Self-doubt, therefore, becomes less likely. In fact, doubt of any kind is rarer. It is easy to notice inconsistencies in two written accounts placed side by side. With text, it is even easy to keep track of differing levels of authority behind different pieces of information. The trust that a reader grants to the New York Times, for example, may vary sentence by sentence. A comparison of two video reports, on the other hand, is cumbersome. Forced to choose between conflicting stories on television, the viewer falls back on hunches, or on what he believed before he started watching. Like the peasants studied by Luria, he thinks in terms of situations and story lines rather than abstractions.
And he may have even more trouble than Luria's peasants in seeing himself as others do. After all, there is no one looking back at the television viewer. He is alone, though he, and his brain, may be too distracted to notice it...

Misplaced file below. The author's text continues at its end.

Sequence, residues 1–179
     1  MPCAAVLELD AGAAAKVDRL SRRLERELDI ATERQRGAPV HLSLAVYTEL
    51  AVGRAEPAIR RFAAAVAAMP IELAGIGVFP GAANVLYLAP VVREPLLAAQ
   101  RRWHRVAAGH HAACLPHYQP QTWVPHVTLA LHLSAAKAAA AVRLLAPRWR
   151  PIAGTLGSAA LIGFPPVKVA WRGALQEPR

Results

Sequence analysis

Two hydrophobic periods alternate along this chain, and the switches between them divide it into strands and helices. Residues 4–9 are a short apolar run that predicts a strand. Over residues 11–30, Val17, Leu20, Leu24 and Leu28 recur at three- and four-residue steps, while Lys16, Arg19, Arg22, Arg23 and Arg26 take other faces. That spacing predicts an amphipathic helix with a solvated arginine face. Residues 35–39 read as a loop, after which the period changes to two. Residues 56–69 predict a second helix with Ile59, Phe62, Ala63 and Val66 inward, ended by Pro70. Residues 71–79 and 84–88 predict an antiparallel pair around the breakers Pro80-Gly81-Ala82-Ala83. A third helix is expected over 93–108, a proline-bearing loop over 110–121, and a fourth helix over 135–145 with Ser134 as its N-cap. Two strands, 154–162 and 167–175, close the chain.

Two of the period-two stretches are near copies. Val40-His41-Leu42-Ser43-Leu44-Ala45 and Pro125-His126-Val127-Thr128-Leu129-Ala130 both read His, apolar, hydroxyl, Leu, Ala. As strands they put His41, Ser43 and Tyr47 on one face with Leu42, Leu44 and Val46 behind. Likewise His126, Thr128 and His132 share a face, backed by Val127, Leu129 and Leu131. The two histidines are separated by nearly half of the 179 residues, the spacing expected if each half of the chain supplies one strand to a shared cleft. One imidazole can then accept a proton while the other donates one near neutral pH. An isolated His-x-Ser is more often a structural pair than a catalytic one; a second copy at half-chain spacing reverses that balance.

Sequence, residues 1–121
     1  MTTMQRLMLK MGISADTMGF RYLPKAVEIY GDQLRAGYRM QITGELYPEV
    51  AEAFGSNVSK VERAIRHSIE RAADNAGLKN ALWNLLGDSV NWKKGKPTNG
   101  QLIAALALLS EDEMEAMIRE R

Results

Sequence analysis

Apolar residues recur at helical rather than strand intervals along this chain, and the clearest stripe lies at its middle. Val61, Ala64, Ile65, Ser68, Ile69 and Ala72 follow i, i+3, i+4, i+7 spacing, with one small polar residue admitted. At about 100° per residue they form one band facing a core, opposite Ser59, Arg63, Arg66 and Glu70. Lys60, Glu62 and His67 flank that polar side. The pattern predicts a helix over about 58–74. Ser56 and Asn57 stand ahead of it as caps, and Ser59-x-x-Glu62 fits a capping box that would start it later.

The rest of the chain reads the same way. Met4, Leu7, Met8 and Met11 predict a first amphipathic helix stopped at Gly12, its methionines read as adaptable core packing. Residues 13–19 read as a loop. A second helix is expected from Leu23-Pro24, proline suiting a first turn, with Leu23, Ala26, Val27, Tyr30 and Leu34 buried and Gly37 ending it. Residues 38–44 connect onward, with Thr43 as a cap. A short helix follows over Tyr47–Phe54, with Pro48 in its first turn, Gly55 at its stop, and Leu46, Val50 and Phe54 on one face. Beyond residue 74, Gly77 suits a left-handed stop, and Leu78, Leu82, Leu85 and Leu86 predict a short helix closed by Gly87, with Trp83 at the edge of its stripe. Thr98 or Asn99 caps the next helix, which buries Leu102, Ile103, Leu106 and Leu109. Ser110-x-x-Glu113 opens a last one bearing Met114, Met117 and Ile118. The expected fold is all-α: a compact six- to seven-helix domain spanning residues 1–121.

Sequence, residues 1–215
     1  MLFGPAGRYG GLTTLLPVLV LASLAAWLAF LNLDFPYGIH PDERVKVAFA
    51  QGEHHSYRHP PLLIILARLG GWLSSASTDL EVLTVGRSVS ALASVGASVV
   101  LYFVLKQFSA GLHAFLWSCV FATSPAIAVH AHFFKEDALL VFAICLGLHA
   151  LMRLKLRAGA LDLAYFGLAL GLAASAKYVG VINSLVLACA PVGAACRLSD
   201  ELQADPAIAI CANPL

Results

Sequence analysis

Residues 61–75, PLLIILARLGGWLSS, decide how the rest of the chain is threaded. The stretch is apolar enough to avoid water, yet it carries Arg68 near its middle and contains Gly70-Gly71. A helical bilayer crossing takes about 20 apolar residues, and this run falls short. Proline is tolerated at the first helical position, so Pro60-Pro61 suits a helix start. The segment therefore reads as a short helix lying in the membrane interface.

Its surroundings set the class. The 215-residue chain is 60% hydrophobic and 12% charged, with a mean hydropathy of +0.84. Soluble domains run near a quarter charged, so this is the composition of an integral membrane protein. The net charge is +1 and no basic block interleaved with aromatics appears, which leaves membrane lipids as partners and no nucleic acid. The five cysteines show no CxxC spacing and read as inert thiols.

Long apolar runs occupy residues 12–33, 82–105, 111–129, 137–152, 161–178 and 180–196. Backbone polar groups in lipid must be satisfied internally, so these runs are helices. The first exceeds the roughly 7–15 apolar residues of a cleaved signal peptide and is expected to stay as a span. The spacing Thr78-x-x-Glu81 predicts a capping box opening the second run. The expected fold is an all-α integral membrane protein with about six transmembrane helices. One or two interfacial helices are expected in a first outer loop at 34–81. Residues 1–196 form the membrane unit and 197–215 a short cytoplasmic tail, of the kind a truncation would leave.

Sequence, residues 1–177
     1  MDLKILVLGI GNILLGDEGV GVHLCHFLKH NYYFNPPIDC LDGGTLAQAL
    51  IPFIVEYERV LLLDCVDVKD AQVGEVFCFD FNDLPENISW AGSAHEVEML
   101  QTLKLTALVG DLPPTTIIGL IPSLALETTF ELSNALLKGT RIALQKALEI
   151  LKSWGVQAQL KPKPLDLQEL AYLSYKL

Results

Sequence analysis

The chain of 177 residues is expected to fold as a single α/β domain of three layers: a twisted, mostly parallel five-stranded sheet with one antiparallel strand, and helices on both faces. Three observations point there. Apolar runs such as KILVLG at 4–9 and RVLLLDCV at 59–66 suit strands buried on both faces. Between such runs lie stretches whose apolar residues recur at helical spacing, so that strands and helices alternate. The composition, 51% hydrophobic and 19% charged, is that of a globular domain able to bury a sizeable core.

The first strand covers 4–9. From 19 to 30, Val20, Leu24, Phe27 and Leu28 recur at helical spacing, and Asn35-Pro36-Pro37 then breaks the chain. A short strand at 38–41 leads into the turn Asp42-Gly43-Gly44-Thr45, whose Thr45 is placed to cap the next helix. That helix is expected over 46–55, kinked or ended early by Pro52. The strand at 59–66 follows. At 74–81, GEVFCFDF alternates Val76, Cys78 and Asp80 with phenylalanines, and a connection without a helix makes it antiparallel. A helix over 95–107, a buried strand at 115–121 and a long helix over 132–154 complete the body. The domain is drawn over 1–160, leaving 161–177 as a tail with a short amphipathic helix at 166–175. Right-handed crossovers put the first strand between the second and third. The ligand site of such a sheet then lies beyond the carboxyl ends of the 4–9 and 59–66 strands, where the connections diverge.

# Posted by The Rat @ 4:16 PM
( 11:45 AM ) The Rat
WHY PEOPLE BELIEVE WEIRD THINGS ABOUT MONEY. Interesting, though not all new.
Would you rather be A or B?
A is waiting in line at a movie theater. When he gets to the ticket window, he is told that as he is the 100,000th customer of the theater, he has just won $100.
B is waiting in line at a different theater. The man in front of him wins $1,000 for being the 1-millionth customer of the theater. Mr. B wins $150.
Amazingly, most people said that they would prefer to be A. In other words, they would rather forgo $50 in order to alleviate the feeling of regret that comes with not winning the thousand bucks. Essentially, they were willing to pay $50 for regret therapy...
# Posted by The Rat @ 11:45 AM
( 11:28 AM ) The Rat
WRITE YOUR OWN CAPTION.
# Posted by The Rat @ 11:28 AM
( 9:11 AM ) The Rat
Then in 1900 everybody got down off his stilts; henceforth nobody drank absinthe with his black coffee; nobody went mad; nobody committed suicide; nobody joined the Catholic church; or if they did I have forgotten.
—Yeats, introduction to The Oxford Book of Modern Verse (1936)